There was also a different class of epitaph expressed as a registration of property according to law executed in duplicate; and a copy of the deed was usually deposited in the archives of the city. This semi-legal or even fully legal class of epitaph which has nothing of the character of a dirge is a sort of will (testamentum); the maker of the tomb states his ownership of the grave-property specifies those if any whose corpses may be admitted and excludes either expressly or by implication all others. A penalty in money is specified for intrusion of a corpse unlawfully and a reward promised to the successful prosecutor whether a private individual or a public body or the State itself. A good example of this legal class from the pre-Roman period in South Galatia is published in J.H.S. 1922 p. 181 where the Thracian part of the Apolloniate population is admitted to the annual festival and by implication the Lycian part is excluded: there is however no penalty for violation or unlawful intrusion. The local custom hardened into law during the Seleucid period and the Roman law in the country equally recognised such custom as legally binding. Cases however occur of unlawful intrusion of a corpse; and the old epitaph was even sometimes erased and a new epitaph incised; or in other rare cases a new epitaph was engraved alongside of the old. As has been stated in the Phrygo-Lycaonian plains especially north of Boz-Dagh where neither Seleucid law nor Roman law ever acquired much hold6 the epitaph was very frequently during Roman times even in Christian times about A.D. 330–3607 a sort of metrical or semi-metrical expression of the mourning dirge; and there is hardly ever (except in Graeco-Asiatic cities) any reference to ownership and legal right. I add two examples of the dirge-epitaph in illustration: in these I have been helped by Buckler and by Calder as they are faint lightly engraved originally and made fainter by lapse of time; sometimes part is illegible or the stone is broken. Two are selected that are practically complete.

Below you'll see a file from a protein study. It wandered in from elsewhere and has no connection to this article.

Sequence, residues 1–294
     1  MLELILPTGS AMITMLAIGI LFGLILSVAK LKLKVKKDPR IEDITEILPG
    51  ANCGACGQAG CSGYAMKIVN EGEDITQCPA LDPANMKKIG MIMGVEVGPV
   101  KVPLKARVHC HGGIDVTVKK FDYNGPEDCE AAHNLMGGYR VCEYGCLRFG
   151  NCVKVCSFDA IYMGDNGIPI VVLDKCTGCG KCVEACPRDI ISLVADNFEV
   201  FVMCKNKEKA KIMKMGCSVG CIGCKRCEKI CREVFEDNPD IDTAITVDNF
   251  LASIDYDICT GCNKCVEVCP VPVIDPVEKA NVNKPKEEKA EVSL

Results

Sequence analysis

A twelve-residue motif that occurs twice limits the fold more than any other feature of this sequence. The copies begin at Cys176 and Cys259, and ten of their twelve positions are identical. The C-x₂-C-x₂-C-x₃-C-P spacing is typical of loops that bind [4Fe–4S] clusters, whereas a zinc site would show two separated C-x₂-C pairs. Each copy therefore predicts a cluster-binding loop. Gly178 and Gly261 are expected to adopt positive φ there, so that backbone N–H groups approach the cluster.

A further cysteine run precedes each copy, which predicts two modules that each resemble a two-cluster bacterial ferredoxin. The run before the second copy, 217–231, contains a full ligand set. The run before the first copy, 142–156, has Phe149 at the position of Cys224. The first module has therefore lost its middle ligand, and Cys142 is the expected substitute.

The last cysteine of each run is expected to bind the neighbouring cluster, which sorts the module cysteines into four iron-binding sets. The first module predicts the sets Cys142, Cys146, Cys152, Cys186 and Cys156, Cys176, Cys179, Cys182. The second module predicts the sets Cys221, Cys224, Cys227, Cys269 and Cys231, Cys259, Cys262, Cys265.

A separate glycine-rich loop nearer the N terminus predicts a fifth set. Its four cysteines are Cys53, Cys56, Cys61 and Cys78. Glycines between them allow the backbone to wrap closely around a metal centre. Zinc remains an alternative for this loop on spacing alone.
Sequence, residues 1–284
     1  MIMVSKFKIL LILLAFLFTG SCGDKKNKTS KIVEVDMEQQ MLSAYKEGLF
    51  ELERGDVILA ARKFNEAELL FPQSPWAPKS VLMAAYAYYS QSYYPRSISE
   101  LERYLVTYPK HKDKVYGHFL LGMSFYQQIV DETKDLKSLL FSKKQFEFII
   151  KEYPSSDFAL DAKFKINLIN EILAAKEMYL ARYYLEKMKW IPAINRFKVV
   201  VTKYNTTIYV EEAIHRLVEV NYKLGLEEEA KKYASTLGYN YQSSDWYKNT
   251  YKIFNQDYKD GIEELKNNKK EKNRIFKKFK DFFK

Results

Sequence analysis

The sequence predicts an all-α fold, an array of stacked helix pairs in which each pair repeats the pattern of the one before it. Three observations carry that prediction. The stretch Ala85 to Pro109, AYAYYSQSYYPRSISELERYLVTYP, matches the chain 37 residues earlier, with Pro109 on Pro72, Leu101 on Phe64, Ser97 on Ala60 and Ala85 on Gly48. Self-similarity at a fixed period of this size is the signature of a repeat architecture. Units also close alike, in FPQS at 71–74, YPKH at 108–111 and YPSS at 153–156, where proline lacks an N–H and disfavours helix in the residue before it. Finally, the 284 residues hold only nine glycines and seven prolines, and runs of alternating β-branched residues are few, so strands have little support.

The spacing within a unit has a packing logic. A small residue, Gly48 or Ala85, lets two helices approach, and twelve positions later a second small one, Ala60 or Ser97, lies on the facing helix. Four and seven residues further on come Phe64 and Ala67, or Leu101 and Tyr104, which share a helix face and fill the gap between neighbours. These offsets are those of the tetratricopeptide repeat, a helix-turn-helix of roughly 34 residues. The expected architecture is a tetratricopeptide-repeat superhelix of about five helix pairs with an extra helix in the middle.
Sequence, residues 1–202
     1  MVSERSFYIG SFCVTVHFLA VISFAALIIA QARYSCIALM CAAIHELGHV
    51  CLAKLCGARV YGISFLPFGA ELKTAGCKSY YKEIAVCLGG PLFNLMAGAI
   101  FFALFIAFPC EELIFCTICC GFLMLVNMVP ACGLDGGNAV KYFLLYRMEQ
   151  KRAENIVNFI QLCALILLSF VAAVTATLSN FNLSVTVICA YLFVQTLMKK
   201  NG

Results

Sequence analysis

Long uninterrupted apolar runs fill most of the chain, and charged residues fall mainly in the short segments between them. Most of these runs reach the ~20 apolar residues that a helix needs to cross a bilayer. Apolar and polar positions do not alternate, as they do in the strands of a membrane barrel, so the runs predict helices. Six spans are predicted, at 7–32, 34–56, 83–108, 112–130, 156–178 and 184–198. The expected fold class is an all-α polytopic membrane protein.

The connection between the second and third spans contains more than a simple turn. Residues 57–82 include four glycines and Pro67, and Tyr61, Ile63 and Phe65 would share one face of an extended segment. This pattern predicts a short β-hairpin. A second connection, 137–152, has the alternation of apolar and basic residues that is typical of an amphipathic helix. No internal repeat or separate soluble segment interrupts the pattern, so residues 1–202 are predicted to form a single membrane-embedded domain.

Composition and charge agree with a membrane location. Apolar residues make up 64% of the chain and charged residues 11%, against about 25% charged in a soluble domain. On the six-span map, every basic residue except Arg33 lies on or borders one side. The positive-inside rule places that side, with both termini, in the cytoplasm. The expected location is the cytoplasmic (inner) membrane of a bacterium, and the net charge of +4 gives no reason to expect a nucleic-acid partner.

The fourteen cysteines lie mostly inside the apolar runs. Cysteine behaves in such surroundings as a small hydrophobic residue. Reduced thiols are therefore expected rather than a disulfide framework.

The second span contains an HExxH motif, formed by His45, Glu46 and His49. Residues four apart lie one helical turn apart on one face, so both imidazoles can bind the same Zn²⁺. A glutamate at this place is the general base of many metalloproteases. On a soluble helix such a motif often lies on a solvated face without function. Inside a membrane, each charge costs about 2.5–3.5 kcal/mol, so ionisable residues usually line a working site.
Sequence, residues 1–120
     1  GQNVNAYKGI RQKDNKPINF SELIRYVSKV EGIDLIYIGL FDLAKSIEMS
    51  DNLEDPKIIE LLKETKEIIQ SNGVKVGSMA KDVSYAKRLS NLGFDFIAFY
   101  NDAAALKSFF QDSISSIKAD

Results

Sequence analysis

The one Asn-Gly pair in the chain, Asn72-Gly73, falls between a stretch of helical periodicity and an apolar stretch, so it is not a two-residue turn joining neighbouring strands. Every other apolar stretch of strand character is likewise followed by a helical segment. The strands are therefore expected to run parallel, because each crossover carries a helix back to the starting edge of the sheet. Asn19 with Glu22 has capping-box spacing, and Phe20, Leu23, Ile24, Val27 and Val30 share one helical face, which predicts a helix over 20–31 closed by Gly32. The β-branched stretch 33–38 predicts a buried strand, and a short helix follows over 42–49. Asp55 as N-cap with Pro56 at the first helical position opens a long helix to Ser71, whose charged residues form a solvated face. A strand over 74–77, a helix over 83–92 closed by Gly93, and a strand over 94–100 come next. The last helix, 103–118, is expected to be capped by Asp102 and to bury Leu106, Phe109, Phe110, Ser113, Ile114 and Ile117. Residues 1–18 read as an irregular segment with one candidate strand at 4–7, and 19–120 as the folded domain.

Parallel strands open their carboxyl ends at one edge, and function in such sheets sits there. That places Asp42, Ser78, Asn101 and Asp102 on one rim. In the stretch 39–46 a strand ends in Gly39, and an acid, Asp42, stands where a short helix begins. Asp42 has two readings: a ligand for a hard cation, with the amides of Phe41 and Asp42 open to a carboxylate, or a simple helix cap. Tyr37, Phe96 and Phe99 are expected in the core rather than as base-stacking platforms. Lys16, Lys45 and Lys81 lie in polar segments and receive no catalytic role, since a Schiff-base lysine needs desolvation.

It may be added that the simple lament for the virtues of the deceased a natural outpouring of deep emotion was gradually transformed in Rome into the stately and public funeral oration (laudatio funebris). That Anatolian custom in religion coming through Etruria exercised much influence on Rome is now well established and accepted. Nothing could better illustrate the difference of racial character than this transformation.
On the other hand the Greeks modified the old dirge into such poetry as the Lament for Bion. Much bucolic poetry is of the same class. Both hexameters and elegiacs are used in the late Phrygian dirges; also a mixture; and Greek elegiac poetry is a higher development of it. The Attic tragedy has already been mentioned.
It is best to give the original spelling as this represents a stage in the development of Anatolian Greek: the reader will understand that ἔνος is ἔρνος (the soft semi-vocalised P of Anatolia disappearing as often in local and personal Anatolian names caught by Greek ears or expressed in the Greek alphabet). The representation of vowel sounds in Greek as spoken on the plateau varies widely from the spelling of classical Greek. H for Al was common chiefly in northern Phrygia and represented a local variety of Greek pronunciation; final N of accusative was often omitted sometimes final sigma of nominative; a final N was often added in the accusative of the third declension e.g. βασιλῆαν and ἐμέν. A single letter often plays the part of two. This is commonly the case where the last letter of a word and the first letter of the next are the same.8